Bad Sleep + Bad Food + No Exercise = Fat!
|Sleep is an important but under-appreciated |
aspect of fitness.
With that said, this is hardly the first time I've had to rebuild my fitness level from a sub-prime base. The first time was my senior year at West Point. I got mono at the end of the summer before my senior year and wound up trying to swim through it for the first half of the college swimming season. In a few short weeks, I went from being Army's #1 butterflier to being a guy who was lucky just to get third at my last Army-Navy meet. I was lucky, though, because my case was a mild one, and by the time we took our team training trip over Christmas break that year, I was able to train at full speed. I finished that season reasonably strong, winning either the 100 or 200 butterfly at the Patriot League Championships (I honestly don't remember which it was) and finishing 8th at the ECAC Championships in the 200 fly. Still, rebuilding like that was not easy. In fact, the experience left a bad enough taste in my mouth that when it was over, I took the next fifteen years off from competition.
And that was only the first time I had to rebuild. There was also the time I had a heat stroke. And the year I left the Army, when I got up to 235 lbs! And the two years after we first had our kids. Also, I broke my scaphoid in a biking accident one time. And I got pneumonia from over-training a few years ago.
My point is, this crap happens. We try to train hard, but we also have to train smart, and then too, sometimes life gets in the way. Shit happens, and we're left to pick up the pieces. That's part of the challenge, part of what makes being a competitive amateur triathlete so challenging--and ultimately so rewarding when all goes well.
Personally, I think the key to coming back from a layoff is being patient. You have to take it slow and easy until your body tells you that it's ready to do more. For me, that's probably going to be about two or three weeks from now. Until then, there's no point in getting impatient. I just have to build strength and fitness as best I can and wait for my body to start responding the way that it's supposed to.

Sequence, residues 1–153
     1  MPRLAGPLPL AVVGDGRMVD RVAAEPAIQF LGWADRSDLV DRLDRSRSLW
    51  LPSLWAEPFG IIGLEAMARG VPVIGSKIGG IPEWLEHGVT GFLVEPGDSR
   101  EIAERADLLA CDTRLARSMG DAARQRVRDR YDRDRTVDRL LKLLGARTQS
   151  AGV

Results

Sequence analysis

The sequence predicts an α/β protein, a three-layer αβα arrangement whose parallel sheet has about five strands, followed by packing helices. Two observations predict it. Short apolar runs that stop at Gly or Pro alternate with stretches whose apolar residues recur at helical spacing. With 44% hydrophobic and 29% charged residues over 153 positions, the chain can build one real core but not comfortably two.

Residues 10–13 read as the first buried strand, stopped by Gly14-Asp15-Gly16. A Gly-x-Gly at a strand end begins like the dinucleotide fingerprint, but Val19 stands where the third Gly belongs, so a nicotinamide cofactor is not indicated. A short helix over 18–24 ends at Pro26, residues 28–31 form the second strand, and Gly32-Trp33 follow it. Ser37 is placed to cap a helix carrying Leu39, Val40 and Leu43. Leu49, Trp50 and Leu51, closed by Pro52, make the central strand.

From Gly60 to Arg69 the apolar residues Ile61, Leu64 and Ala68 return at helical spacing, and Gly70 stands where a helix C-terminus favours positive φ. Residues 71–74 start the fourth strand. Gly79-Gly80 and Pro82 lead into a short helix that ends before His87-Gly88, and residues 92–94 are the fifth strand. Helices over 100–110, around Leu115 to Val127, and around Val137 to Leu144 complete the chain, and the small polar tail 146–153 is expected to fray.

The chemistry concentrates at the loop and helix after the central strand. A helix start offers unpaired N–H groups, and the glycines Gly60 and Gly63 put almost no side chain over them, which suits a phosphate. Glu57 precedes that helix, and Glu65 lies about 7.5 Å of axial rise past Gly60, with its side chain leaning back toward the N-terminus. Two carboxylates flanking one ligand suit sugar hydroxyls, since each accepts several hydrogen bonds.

I felt yesterday on my bike the way I've felt in the water ever since I quit swimming seriously way back in the day. I could feel that my body knew what it wanted to do in the saddle, but I just didn't have the strength and the power to actually do it. So I was sitting there, just kind of hanging out because every time I tried to do more, my breathing and heart rate got completely out of hand. And yet, even with that I can still acknowledge that it was nice to be out there. I enjoyed riding. That's something, at least.
|My foldie is a Dahon Speed P8. Mine's red.|
Instead, I think I'm gonna focus on just one sport--cycling--and try to build my strength through weight training. That's kind of what I do every offseason, save that last offseason I focused on running. This season, that's not my plan. Anyway, depending on on how I feel in a few weeks, I might sign up for a late season race. Right now I'm looking at either the Simply Du It Duathlon in Ridgefield, CT, in late September or maybe just a late-season NYC bike race. In any event, I'm hoping to get in at least one long ride per week along with a session of spin class at my gym once per week--because at this point, I think I need the uptempo work that spin classes provide--and at least two sessions of weights per week. I'm also gonna try to run twice per week, but those will be auxiliary sessions, not primaries. I'll use them more to balance my other training and hold form rather than to build real speed. If I can then get my folding bike out of the shop and re-start my daily commute ride, I think I'll be in good shape. Unfortunately, I blew out my rear rim last month, and since then Dahon has gone on vacation, leaving my new rim on back-order. That's gonna leave me scrambling a bit for mileage, but what can you do? As I said, sometimes life gets in the way.
Anyway, that's my plan. What'd'you think?